Shigeru Miyamoto Interview July 14 Feature

Miyamoto talks about Star Fox 2, how Nintendo creates memorable characters, his many successors, more

In a somewhat recent interview with the Wall Street Journal, Shigeru Miyamoto discussed a number of varied topics, including why they never released Star Fox 2, why Nintendo’s characters are so endearing and enduring and his “successors”, among other things.

You can read the main quotes below, or find the full interview here.

On why Nintendo never released Star Fox 2:

Shigeru Miyamoto: We had a special chip called the Super FX chip that enabled hardware and software to work together to use polygons for 3D-style gameplay on the Super NES, which was essentially a 2D system. The chip, which we put on cartridges, was very expensive but also a pretty high-spec.

We designed the “Star Fox” sequel around this chip, but we also started approaching the era where 3D consoles were getting ready to be released. Even though we finished the game, we realized it was going to feel old compared with games about to come out. So we never released it.

On amiibo use in Star Fox Zero:

Miyamoto: There will be one new amiibo, the character Falco. He’s part of the “Super Smash Bros.” line but also a “Star Fox” character. You’ll get something — it’s a surprise.

On his favorite Star Fox character:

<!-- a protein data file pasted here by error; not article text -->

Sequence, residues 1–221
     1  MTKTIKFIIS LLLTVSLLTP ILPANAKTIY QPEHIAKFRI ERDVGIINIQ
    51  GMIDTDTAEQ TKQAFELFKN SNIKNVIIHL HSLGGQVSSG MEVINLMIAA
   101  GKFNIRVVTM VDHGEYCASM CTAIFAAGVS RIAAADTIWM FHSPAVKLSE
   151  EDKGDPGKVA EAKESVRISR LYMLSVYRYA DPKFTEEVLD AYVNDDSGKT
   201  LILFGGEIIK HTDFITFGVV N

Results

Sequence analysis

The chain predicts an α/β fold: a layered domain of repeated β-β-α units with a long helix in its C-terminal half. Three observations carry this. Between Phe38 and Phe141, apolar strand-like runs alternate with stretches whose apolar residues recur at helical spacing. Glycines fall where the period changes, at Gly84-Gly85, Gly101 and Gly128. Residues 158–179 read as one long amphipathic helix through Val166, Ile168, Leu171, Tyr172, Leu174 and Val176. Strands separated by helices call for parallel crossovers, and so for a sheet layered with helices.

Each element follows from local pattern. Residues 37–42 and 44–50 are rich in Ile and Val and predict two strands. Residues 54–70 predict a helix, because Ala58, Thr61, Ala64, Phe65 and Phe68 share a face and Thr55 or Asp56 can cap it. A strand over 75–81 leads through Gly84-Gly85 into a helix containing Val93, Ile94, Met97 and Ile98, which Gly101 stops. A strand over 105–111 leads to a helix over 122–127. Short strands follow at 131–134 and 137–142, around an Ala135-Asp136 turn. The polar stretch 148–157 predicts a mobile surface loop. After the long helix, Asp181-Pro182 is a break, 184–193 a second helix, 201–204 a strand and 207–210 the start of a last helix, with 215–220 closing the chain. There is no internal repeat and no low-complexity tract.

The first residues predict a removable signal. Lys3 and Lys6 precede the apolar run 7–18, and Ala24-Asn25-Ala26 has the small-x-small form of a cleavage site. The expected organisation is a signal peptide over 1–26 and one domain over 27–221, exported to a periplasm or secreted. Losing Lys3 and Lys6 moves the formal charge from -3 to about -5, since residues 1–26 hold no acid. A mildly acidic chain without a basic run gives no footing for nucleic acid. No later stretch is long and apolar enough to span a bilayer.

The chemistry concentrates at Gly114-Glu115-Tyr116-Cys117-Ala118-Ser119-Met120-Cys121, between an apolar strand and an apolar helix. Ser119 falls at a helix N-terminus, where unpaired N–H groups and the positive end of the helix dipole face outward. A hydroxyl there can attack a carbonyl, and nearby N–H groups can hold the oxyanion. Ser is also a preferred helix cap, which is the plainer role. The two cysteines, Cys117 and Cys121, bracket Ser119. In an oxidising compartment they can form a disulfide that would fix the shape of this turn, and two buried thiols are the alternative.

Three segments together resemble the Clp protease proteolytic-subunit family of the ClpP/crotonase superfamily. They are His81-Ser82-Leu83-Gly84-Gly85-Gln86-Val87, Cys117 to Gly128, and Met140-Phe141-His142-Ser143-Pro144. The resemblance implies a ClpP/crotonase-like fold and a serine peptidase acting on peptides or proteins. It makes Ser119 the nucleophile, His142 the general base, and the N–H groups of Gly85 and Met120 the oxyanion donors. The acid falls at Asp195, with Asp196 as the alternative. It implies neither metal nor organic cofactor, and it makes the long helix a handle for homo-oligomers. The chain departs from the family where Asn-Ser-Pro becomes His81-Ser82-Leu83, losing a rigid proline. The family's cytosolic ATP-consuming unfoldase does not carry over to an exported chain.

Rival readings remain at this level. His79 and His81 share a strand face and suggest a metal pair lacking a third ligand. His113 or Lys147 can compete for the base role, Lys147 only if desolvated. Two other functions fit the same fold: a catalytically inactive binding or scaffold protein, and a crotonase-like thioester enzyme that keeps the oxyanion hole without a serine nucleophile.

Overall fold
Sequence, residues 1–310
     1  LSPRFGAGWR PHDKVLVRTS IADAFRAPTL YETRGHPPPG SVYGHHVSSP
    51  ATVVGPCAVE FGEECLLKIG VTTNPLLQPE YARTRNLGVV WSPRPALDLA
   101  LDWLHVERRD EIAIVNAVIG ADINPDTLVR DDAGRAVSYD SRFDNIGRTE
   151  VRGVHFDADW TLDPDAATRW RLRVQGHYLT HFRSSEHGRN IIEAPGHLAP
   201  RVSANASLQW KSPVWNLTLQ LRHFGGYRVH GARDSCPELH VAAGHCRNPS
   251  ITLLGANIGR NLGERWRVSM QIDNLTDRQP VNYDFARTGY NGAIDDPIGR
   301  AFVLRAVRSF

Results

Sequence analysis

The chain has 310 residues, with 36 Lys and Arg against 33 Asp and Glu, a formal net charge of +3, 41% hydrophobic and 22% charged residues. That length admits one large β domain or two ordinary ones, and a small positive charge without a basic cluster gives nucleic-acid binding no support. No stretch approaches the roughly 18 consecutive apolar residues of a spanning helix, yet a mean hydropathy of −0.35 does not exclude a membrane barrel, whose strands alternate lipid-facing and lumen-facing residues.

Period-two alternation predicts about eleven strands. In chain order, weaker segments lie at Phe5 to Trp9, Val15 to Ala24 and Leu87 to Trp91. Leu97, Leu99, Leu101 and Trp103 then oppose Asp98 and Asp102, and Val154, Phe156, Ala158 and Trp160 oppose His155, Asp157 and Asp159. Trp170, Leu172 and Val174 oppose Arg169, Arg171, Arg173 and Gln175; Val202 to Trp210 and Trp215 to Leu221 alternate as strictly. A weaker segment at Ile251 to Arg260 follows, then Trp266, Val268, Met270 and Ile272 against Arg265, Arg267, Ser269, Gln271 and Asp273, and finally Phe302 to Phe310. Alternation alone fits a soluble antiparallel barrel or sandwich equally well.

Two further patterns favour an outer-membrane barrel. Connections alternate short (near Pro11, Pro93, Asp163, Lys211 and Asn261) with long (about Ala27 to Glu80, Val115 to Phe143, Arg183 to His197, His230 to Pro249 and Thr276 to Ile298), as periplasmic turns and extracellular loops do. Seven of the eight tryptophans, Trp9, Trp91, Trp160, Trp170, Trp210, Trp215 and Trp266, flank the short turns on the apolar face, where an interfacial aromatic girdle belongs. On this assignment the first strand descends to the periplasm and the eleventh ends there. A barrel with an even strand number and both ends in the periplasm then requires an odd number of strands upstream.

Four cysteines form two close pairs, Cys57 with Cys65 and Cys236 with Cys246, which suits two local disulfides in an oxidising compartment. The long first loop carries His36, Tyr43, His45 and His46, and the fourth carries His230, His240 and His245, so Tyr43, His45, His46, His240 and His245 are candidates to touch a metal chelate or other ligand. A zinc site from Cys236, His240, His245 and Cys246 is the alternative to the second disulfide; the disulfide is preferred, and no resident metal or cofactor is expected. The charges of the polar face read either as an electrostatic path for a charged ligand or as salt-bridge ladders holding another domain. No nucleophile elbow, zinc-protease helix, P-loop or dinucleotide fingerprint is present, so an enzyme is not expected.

Miyamoto: It’s Fox, but maybe that’s because I am Fox, I turn into Fox. … But my official answer: Slippy.

On who would win in a battle, Fox or Mario:

Miyamoto: Fox is pretty strong in “Super Smash Brothers.” The other way to decide is to see what game I make next. Is it another “Star Fox” or “Mario”?

On why Nintendo’s characters are so memorable and endurable:

Miyamoto: When we’re creating games, we don’t start with characters. We start with the game system. What is going to be a fun experience? We design the experience first.

Then we figure out what character fits best with that gameplay. Often, what you see in the toy industry or in other entertainment industries — Japan in particular — is people try to create something similar to what is already popular. We try to do something unique. As we continue to make games that support those characters, the franchise begins to take on its own identity, which stands apart from our other character lines. The identity we have for each group of characters is what helps them stay in people’s memories for so long.

On Miyamoto’s successor:

Miyamoto: I have many. In the past, I would often have ideas for games that I would want to create and I would tell the different teams that work for me to make the games. I’ve been working with my teams for a long time. “Splatoon” is an example—the idea came from the younger members of that team. At the senior level, we supported them. So that’s how we are transitioning.